Paris tops many travelers' bucket lists. After all, The City of Light offers unique museums, breathtaking architecture, gourmet food and chic shopping. However, many travelers want to incorporate some time outside of Paris into their French holiday; maybe they want to escape the crowds of tourists, or maybe they just want to explore the country's more rural heritage. Fortunately, Paris is surrounded by beautiful villages, towns and cities that offer an authentic look at a different side of French living. As an added bonus, most of these awe-inspiring destinations can be visited as a day trip using public transportation. Bon voyage!
Developed around an opulent eighteenth-century palace, Compiègne played an important role in both ancient and modern history. Travelers interested in World War One won't want to miss a visit to the town where the Armistice of the war was signed in 1911; they can also stop at the Armistice Clearing to explore a replica of the train carriage where the treaty was signed. From the palace, active travelers can do a steep five-kilometer hike to take in panoramic views of the entire valley, while gourmand tourists will want to head back to the town center for a visit to the morning market on Wednesday and Saturday.
Compiègne is about ninety kilometers north of Paris. Regular train service (from €12) departs from Gare du Nord in Paris and takes approximately one hour.
Crécy la Chapelle
If you think there is nothing more romantic than getting lost down a winding village lane, you'll love spending the day in Crécy la Chapelle. Today, the town's narrow streets still follow the routes laid out along fortified ditches back in the middle ages. A marked walking route takes visitors to the charming landscapes that have long inspired local artists, but travelers can also tour independently to visit the traditional homes along the canal and the church which was originally built in the thirteen century. Crécy la Chapelle has several restaurants and a crêperie, should you forget to pack a picnic lunch.
Crécy la Chapelle is about fifty kilometers east of Paris. It is most easily accessed by car on the A1 motorway, though it is also possible to visit by train (you'll need to change lines in nearby Esby).
Giverny is famous for being the town where Impressionist painter Claude Monet lived and worked from 1888 until his death in 1926. In fact, the town's main street is still named rue Claude Monet, and is home to both the Claude Monet Foundation and the Musée des Impressionismes. Visiting the village is like stepping back in time- narrow, cobbled streets overflow with flowers, charming cafés and quaint art galleries. Active travelers will also want to take in one of the well-marked, scenic hikes that start just behind the Impressionist Museum. If you want to stay for more than a day, Giverny abounds with charming guesthouses that offer guests an inside look at traditional French country living.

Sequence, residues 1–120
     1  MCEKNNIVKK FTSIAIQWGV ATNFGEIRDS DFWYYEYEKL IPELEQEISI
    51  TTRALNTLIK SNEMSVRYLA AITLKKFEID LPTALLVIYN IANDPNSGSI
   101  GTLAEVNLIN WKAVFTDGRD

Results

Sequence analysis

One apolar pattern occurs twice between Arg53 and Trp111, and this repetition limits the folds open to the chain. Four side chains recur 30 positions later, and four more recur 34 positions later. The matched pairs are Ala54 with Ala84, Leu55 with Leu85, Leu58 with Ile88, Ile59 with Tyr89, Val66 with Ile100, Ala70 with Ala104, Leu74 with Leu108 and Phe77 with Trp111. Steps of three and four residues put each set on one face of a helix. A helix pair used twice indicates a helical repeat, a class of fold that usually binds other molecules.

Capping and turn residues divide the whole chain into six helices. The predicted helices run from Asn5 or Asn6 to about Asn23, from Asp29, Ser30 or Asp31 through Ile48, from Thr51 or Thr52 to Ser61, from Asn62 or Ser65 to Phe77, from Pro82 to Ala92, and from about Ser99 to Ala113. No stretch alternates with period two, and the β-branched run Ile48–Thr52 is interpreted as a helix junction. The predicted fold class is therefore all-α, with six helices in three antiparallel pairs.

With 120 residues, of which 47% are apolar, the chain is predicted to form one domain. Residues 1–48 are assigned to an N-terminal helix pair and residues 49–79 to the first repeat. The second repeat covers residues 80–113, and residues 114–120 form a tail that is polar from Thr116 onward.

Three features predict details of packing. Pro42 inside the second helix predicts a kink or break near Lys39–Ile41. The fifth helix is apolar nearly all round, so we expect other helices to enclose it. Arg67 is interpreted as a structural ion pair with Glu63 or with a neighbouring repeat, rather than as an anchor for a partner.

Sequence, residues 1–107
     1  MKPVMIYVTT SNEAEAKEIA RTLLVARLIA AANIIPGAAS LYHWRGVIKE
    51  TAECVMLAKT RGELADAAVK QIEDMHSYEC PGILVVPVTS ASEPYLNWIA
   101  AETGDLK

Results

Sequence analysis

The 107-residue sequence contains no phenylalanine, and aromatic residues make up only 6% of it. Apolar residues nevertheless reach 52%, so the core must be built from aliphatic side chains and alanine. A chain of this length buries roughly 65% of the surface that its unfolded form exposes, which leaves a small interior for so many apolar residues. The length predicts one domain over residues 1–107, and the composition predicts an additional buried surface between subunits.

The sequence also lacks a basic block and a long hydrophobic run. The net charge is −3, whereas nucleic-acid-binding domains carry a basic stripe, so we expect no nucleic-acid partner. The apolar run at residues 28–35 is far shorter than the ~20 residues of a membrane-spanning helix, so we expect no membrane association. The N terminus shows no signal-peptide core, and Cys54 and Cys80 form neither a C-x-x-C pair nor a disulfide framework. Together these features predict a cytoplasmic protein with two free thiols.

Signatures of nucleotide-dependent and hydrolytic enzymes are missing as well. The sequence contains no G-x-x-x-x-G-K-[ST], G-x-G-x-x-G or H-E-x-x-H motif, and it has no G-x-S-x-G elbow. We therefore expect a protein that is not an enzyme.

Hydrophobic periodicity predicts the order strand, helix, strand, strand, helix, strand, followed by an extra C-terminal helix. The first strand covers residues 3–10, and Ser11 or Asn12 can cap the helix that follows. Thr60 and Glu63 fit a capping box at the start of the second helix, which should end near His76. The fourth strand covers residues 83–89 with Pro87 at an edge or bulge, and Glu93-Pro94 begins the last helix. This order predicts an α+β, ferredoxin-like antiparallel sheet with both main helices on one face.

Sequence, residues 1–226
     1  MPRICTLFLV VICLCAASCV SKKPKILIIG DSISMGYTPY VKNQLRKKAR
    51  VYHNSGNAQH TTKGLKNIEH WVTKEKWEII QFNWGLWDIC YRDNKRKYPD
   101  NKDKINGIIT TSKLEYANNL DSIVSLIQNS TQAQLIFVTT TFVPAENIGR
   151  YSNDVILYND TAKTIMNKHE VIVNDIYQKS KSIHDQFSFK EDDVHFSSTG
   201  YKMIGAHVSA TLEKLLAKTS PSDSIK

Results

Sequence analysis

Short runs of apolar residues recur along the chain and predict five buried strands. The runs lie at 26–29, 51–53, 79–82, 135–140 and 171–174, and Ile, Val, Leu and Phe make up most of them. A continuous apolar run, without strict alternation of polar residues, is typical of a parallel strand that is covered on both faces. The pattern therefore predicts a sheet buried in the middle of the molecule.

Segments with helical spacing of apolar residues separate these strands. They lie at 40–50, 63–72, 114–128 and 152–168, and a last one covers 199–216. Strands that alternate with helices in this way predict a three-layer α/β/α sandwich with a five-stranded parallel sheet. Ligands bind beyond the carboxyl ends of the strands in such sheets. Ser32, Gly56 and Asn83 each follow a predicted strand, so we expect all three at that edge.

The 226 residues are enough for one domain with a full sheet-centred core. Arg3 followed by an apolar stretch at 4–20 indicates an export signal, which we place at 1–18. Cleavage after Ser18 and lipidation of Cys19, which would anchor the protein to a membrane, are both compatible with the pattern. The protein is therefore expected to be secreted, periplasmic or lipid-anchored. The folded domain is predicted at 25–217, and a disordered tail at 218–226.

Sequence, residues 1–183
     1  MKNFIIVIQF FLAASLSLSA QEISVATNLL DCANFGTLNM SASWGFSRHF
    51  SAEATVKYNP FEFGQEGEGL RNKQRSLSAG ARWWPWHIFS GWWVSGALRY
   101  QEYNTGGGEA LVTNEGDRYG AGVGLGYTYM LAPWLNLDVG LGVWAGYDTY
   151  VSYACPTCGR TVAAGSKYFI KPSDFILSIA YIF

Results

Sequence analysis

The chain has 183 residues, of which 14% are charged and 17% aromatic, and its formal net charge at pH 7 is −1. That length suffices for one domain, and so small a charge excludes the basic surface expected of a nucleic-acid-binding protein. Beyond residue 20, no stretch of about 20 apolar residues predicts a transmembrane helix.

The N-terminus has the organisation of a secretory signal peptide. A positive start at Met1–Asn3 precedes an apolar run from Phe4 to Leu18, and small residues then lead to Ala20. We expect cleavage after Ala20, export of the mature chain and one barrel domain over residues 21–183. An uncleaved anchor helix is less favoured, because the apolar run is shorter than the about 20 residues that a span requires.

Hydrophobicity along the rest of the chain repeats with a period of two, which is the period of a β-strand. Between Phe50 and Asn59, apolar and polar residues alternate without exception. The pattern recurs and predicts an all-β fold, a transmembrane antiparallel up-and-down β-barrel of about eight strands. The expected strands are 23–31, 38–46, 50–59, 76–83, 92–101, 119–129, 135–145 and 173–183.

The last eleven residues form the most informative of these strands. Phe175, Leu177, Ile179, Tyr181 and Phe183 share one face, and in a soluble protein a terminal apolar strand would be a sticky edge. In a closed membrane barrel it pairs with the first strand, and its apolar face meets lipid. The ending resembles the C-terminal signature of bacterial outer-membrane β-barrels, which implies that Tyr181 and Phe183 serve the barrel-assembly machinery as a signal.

Little has changed in Provins since the Middle Ages. The town is still heavily fortified behind two kilometers of stone walls, Caesar's Tower still offers panoramic views of the surrounding countryside, and the town square - Place du Chatel - is still surrounded by original thirteenth-century homes. Its traditional structures are so well-preserved that UNESCO named the entire town a World Heritage site in 2001. Visit in June to travel back to medieval times; the annual medieval festival is full of exhibitions, re-enactments and other entertainment.
Several bus companies run day trips from Paris that include return transportation and tickets to Provins most popular attractions; prices begin around €65. Hourly trains (€12) depart from Paris' Gare de l'Est station and arrive in Provins after about ninety minutes.
Reims is a little further afield at 144 kilometers away from Paris, but it is still an easy day trip thanks to the high-speed rail connection linking it with Paris twelve times each day. Reims is the must-visit French city for travelers who want to indulge in champagne, with ten local vineyards opening their doors to visitors. A typical champagne tour involves tours of the vineyards and cellars, along a guided tasting and opportunities to purchase the vineyard's champagne. Reims is also home to three UNESCO World Heritage sites (Notre Dame cathedral, the Palace of Tau and the Saint Remi Basilica), so even travelers who don't indulge will enjoy spending a day here.
In addition to the high-speed trains, there is also regular intercity bus service from Paris to Reims. The Reims Tourist Information office is also specially equipped to assist travelers with mobility impairments in accessing Reims' many attractions.